Capture of Fort Ticonderoga - Video

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Fort Ticonderoga, in Ticonderoga, New York, played an important role during the French and Indian War. The French had bravely defended the fort against British attack, but it was finally captured by the British in 1759. As the French abandoned the fort, they blew up the gun powder magazine, seriously damaging the structure. Since it was no longer strategically significant, it had fallen into further disrepair. In 1775, it held a small British detachment with 2 officers and 46 men.

Although the fort was not heavily manned by British troops, it did hold a collection of heavy artillery including cannons, howitzers, and mortars. During the early stages of the American Revolution, these armaments were in short supply within the colonial army.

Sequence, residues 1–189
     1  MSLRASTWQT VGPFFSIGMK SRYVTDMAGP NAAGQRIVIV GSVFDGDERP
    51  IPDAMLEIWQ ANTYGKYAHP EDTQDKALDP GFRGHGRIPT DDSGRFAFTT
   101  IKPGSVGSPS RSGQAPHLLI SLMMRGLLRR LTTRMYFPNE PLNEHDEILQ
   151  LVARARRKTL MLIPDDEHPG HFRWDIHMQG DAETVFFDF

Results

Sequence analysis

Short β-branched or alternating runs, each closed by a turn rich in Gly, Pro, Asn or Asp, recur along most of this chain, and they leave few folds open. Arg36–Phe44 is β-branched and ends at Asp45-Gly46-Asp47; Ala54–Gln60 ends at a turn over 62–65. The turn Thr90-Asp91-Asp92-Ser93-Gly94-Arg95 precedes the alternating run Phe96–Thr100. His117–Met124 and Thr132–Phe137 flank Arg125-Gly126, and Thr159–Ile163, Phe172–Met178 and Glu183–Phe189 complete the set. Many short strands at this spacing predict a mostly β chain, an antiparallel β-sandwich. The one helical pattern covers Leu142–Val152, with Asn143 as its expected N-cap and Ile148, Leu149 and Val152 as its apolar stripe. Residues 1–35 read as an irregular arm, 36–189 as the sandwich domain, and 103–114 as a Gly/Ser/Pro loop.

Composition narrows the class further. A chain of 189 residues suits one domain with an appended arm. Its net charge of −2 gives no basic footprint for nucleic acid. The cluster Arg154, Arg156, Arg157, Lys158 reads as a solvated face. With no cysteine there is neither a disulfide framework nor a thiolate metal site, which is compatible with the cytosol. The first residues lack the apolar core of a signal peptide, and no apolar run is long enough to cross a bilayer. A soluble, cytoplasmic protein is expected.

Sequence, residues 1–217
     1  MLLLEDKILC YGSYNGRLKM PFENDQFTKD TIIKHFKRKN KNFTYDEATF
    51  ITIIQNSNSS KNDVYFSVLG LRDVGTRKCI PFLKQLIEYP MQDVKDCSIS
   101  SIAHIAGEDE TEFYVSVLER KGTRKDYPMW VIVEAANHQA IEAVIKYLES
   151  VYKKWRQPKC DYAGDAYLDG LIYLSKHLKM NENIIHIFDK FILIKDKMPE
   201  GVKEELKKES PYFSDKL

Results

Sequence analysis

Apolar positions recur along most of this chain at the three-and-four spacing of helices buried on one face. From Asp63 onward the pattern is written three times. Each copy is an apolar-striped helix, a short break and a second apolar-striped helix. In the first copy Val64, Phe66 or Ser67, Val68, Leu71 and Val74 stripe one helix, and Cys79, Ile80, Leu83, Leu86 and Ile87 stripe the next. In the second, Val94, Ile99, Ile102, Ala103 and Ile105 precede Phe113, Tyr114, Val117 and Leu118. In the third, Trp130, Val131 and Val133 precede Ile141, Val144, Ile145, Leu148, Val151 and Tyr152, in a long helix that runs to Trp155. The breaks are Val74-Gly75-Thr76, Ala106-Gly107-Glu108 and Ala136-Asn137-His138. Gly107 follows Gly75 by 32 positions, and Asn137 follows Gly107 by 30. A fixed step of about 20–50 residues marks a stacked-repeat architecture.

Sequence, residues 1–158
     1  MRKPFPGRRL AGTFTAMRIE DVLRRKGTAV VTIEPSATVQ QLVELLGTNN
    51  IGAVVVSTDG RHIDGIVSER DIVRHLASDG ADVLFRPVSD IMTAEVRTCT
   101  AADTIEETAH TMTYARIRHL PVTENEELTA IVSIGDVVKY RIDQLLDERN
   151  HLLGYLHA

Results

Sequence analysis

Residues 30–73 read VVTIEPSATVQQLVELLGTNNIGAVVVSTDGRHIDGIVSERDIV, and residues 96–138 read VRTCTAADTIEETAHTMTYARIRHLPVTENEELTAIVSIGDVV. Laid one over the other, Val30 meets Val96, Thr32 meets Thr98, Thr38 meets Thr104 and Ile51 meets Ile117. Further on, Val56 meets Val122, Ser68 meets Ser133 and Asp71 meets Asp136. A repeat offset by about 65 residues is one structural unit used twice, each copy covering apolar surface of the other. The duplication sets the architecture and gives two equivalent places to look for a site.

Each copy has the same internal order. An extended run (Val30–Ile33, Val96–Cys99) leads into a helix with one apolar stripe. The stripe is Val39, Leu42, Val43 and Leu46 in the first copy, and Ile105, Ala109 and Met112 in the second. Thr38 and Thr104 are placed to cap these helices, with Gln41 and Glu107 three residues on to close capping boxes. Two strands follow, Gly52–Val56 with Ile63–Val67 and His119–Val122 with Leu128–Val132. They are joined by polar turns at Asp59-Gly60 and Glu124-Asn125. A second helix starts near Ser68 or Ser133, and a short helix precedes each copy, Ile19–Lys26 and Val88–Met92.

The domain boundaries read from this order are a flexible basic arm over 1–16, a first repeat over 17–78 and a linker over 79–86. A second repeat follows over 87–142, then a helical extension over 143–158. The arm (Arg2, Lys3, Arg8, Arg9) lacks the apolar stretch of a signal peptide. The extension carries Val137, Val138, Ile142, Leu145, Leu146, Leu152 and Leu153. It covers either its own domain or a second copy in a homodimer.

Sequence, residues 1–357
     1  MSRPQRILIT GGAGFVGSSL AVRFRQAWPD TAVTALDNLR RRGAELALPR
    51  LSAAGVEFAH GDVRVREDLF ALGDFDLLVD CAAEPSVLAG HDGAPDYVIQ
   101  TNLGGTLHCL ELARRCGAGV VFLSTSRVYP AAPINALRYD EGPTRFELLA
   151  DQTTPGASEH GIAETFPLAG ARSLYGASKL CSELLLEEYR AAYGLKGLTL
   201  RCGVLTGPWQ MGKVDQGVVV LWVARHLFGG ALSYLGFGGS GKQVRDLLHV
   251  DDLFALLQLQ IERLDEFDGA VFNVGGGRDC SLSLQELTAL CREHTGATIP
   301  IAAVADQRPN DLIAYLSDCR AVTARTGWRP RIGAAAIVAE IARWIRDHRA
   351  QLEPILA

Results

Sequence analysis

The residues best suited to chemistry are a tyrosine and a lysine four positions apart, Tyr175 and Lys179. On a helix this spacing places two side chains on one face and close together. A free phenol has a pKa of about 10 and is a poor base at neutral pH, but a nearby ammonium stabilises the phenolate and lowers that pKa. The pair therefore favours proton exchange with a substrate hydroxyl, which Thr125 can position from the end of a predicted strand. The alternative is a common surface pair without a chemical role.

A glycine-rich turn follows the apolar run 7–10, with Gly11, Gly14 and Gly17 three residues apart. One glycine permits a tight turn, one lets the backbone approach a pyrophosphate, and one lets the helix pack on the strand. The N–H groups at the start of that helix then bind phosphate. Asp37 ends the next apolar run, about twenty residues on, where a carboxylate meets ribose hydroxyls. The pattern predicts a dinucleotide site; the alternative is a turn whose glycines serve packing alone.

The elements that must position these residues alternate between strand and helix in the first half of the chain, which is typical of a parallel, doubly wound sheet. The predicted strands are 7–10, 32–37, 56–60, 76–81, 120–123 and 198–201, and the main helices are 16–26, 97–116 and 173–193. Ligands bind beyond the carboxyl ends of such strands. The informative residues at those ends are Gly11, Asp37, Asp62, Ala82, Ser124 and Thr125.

Following the Battle of Lexington and Concord, during the Siege of Boston, Benedict Arnold, Ethan Allen and other patriots including 100 Green Mountain Boys were sent to Fort Ticonderoga to capture the armaments. Before dawn on May 10, 1775, Allen, Arnold and 83 Green Mountain Boys crossed Lake Ticonderoga and rushed the fort. The only sentry on duty at the south gate fled after his musket misfired. Most of the British troops were sleeping, and were woken at gunpoint. No one was killed in the assault.

The cannons and other armaments from the fort were transported to Boston during the siege. They were used to fortify Dorchester Heights and drive the British out of Boston. Check out these videos to learn more about the Battle of Fort Ticonderoga.

 

 

 

 

 

 

 

 

 

 

 

 

 

 

 

 

 

 

 

 

 

 

 

 

 

 
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